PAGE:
The patient then had a CT of the chest that showed a large left pleural effusion resulting in complete atelectasis of the left lung in addition to trace right pleural effusion. Cardiothoracic surgery was then consulted, and the decision to place a chest tube was made. He received a left 28 French (28F) chest tube with a water seal. He proceeded to drain about 3.4L throughout the day. The patient felt that his breathing was improving at this point.

A chest x-ray was ordered once he drained about 2L, and his new imaging showed a decrease in the size of the pleural effusion with slight increased aeration of the left upper lobe. The left chest tube was in place and terminated near the left suprahilar region. The cardiac silhouette was partially obscured, and the right lung remained clear. Additionally, a fluid analysis and culture was ordered and revealed an exudative effusion that was negative for cultures. This was followed up with fluid studies and cytology. Figure 1 depicts the findings from the pleural fluid analysis. There were many inflammatory cells with scattered reactive mesothelial cells and macrophages.

Given his history suggestive of an infectious process, likely pneumonia, which caused the pleural effusion, a Pulmonary and Infectious Disease consult was ordered. He was started once again on his antibiotics, which consisted of ceftriaxone and doxycycline.


Reexpansion pulmonary edema occurs because of the expansion of a collapsed lung. The symptomatology can vary widely. In a mild case, the patient may be asymptomatic, and the REPE is only visualized on a radiograph post-treatment. In a moderate case, symptomatology can include SOB and a dry cough. While in more severe cases, the patient may experience severe cardiopulmonary collapse with hypotension and tachycardia.1 Additionally, nearly 20% of cases result in death.2,3

The pathogenesis behind REPE is not well known. Mahfood et al. stated back in 1988 that the chronicity of pulmonary collapse, airway obstructions, increased permeability of the pulmonary vasculature, pulmonary artery pressure changes, and loss of surfactant can all play a role in the development of REPE.3 Additionally, it is believed that the removal of more than 2000ml at once, using negative pressure, and the reexpansion of the lung in less than 10 minutes can also lead to the development of REPE.4,5 There are also certain risk factors that play a role in the development of REPE, and they include female sex and younger age.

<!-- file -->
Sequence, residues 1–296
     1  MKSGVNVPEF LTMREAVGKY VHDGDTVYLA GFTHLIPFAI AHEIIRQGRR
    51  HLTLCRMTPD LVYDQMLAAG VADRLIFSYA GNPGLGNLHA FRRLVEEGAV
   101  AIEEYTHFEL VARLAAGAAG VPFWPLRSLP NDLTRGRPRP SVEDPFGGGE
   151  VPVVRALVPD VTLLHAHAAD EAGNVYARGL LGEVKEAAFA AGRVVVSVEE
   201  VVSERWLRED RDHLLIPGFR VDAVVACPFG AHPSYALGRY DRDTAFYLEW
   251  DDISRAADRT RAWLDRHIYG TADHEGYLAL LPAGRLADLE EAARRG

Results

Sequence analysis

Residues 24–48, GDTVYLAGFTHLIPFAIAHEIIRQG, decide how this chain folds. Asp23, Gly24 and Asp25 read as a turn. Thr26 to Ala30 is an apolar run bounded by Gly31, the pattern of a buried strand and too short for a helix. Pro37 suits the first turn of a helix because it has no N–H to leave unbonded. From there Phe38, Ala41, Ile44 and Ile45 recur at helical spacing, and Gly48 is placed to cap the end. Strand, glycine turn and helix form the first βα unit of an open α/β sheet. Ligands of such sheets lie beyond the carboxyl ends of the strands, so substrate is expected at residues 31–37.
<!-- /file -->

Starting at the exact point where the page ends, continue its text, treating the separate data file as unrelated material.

Rozenman et al. notes that polymorphonuclear leukocyte (PMN) accumulation, various fluid mediators, and protein leakage has been noted in the pleura fluid in these patients. These fluid mediators are believed to be involved in the chemotaxis and activation of the PMN that leads to the development of the edema seen in REPE.

The degree of the edema typically correlates to the signs and symptoms that the patient develops, and these signs and symptoms can vary in a patient with REPE. The typical symptoms in patients with the development of edema is a cough and dyspnea.2 Patients that develop symptoms usually develop them within a couple of minutes up to 48 hours since the procedure was done. Additionally, a CT in these patients will reveal ground-glass opacities, areas of atelectasis, focal consolidation, and possibly septal thickening.4

When considering REPE, the differential diagnosis for pneumonia or unilateral cardiogenic pulmonary edema should be kept in mind, especially if it is unilateral presentation of chest radiographs. A normal WBC count, absence of fever, and normal cardiovascular exam would help rule out pneumonia and unilateral cardiogenic pulmonary edema.1 When REPE diagnosis is established, prompt treatment can then be initiated. The main goal of treatment is to provide the patient with sufficient oxygenation, whether it be additional oxygen via in a nasal cannula, Continuous positive airway pressure (CPAP), Bilevel positive airway pressure (BiPAP), and in extreme cases, full mechanical ventilatory support until the pulmonary edema resolves.


Although relatively uncommon, REPE is a potentially fatal and rare complication that arises from precipitous or rapid expansion of the lung that is collapsed. This can lead to respiratory failure if not caught promptly. Early identification and management of REPE increases the chances of a favorable outcome. Initial warning signs and symptoms include a cough, dyspnea, and low oxygen saturation after the drainage or lung reexpansion. Supportive therapy via oxygen supplementation will ultimately lead to resolution. It is imperative that physicians catch and treat REPE early in its course due to the lethality of further complications.